For the past two weeks, John Kerry has been hounded by an attack on his Vietnam record by a group called Swift Boat Veterans for Truth. And even though he still carries shrapnel in his body, he has been portrayed as a liar, a coward and an opportunist.
It matters little that this group’s testimonies cannot be corroborated with official Navy records, or that some of their pronouncements are in direct contradiction to earlier sworn testimonies, or that connections have been uncovered between the Bush campaign and this group. The same political tactics used against war hero John McCain during the 2000 primary contest have been effective against Kerry in 2004.
Say what you want about Kerry—but one thing is clear. Here was a rich white boy who could have avoided going to Vietnam. But instead he volunteered and served on the front lines because he felt that to whom much is given, much is expected.
Meanwhile, George W. Bush sat out the war by joining the National Guard. Although Bush has repeatedly stated that he never used family connections to get into the National Guard, one still has to wonder. How does a person who had the lowest possible qualifying aptitude score needed for acceptance into the Guard be admitted on the spot, even though there was an 18-month waiting list?
Meet Ben Barnes, former lieutenant governor of Texas. In 1968 Barnes admits to using his influence to get a young George W. Bush, along with other rich white kids, into the National Guard so they could avoid Vietnam.
In a public confession, Barnes states: “I walked through the Vietnam Memorial the other day, and I looked at the names of people who died in Vietnam and I became more ashamed of myself than I’ve ever been because the worst thing I did was get a lot of wealthy supporters and a lot of people who had family names of importance into the Guard and I’m very sorry about that and I apologize to you and the voters of Texas.”
Of course Bush was not the only chicken hawk to avoid serving his country.
His vice-president Dick Cheney had four student deferments. He avoided service because he states he had “other priorities.” When he was no longer eligible for another student deferment, Cheney took advantage of a new paternity deferment. He sired a child for his fifth deferment.
Probably the prize for the most outlandish excuse for avoiding Vietnam goes to House Majority Leader Tom Delay. According to Delay, so many minority youths had volunteered that there was literally no room for patriotic folks like himself.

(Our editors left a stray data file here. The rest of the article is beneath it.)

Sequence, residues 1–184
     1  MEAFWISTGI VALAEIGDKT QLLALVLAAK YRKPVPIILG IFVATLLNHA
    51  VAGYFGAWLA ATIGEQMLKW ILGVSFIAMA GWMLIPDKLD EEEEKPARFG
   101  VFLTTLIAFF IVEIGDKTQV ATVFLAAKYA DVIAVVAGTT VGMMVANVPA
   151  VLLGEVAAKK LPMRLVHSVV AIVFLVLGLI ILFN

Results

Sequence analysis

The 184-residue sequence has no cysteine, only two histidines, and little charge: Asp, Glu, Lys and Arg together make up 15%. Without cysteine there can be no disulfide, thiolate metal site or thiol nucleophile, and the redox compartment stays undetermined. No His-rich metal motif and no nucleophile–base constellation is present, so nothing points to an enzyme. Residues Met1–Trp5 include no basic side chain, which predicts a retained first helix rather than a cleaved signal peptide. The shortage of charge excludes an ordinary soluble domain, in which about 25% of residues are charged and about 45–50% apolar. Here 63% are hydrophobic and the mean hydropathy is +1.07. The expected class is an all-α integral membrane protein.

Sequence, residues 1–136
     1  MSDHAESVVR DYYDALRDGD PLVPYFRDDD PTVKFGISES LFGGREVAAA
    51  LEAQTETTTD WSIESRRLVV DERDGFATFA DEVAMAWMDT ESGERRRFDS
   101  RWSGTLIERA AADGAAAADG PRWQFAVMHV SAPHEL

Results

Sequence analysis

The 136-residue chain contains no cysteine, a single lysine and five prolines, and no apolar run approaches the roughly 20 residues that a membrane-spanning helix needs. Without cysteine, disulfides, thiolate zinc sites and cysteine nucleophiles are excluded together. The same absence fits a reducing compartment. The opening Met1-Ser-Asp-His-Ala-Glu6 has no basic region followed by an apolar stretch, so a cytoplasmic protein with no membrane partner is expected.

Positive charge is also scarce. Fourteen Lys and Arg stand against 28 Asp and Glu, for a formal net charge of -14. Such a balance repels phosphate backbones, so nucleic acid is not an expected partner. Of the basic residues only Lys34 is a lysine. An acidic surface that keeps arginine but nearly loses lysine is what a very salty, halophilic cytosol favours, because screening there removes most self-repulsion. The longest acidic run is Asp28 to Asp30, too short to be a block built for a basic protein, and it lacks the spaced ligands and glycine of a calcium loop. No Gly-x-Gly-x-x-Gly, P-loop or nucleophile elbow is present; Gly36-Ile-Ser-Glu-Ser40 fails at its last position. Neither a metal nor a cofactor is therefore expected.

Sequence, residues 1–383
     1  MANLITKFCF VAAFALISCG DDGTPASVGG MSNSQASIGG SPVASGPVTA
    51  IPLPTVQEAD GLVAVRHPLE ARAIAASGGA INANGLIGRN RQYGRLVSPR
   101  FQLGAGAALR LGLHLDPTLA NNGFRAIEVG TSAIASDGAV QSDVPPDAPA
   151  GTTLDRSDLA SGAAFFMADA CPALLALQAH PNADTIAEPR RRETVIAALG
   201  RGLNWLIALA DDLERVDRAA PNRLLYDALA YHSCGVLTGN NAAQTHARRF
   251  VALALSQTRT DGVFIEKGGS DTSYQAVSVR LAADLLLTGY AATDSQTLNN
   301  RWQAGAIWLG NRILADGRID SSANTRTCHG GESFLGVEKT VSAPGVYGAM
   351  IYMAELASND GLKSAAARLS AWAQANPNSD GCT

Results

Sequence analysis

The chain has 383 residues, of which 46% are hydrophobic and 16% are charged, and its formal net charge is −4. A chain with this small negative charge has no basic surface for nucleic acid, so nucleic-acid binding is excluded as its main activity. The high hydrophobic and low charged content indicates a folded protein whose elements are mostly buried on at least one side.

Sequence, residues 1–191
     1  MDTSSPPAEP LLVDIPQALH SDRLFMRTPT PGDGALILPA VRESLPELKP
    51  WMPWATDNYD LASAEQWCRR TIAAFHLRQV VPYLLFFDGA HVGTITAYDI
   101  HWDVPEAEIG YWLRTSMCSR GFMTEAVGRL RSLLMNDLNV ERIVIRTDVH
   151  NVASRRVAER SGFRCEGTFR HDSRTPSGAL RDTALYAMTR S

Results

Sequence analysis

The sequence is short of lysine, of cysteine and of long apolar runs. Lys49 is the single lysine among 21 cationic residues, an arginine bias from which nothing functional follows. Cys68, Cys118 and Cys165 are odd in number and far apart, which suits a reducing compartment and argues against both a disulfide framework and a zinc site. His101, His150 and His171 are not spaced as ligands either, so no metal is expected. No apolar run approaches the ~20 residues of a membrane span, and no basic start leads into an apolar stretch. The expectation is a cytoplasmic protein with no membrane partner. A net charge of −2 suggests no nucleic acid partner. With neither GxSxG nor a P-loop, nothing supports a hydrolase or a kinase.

Here is the crux of the injustice. When rich white boys use their class and race to avoid their country’s call to arms, it falls upon the poor–who more often than not are of color–to shed their blood to protect both white and class privilege. When the Bushes, Cheneys and Delays of this country opt out, the draft boards are still required to fill their quotas.
A type of affirmative action desired by chicken hawks takes place, as more people of color takes their place on the front line. Thus more blacks and Latinos disproportionate to the population served in Vietnam. During the Vietnam War, even though Hispanics comprised 12 percent of the Southwestern United States, they represented over 20 percent of those who died.
But while race was the major determinant as to who would fight in Vietnam, today in Iraq it is class–where the Guard in Iraq is more likely to resemble a community college than a private college.
And because those from the lower economic class are mainly people of color, we should not be surprised that a significant portion of American troops spilling their blood in Iraq and Afghanistan are Latino.
“United we stand” masks that in this country there exists an elite whose privilege remains protected at the expense of the marginalized. And this elite has no qualms about capitalizing on the 9/11 tragedy if it can ensure their privilege.
Why do I refuse to believe that we went to Iraq to fight a war against terrorism? Because the children of our national leaders, the chicken hawks who led us into this war, fail to volunteer.
In all wars prior to Vietnam, the president’s offspring wore the uniform with pride. Elected congressional leaders would resign from Congress to serve their country during times of great peril.
I’ll believe that the war on terrorism is real and will support the effort wholeheartedly when I see Bush’s daughters and nephews sign up to defend our country; when I see the sons and daughters of Congressional leaders in Iraq; when the children and grandchildren of the CEOs who are profiting from this war (i.e., Bechtel and Halliburton) are also risking their lives.
But until then, I will continue to voice the injustice that is occurring.
Miguel De La Torre, a Cuban American, is professor of theologies of liberation at Hope College in Holland, Mich. He is a graduate of Southern Baptist Theological Seminary and a former Baptist pastor in Kentucky. His column also appears in the Holland Sentinel.
Miguel A. De La Torre is professor of Social Ethics and Latinx Studies at Iliff School of Theology in Denver, Colorado.